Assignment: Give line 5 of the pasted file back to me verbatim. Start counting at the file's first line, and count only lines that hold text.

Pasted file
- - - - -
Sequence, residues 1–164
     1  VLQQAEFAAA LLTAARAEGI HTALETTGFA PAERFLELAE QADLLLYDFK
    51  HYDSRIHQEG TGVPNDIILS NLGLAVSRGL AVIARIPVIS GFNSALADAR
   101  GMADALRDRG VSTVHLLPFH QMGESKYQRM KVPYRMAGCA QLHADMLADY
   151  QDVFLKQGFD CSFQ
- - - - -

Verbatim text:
   151  QDVFLKQGFD CSFQ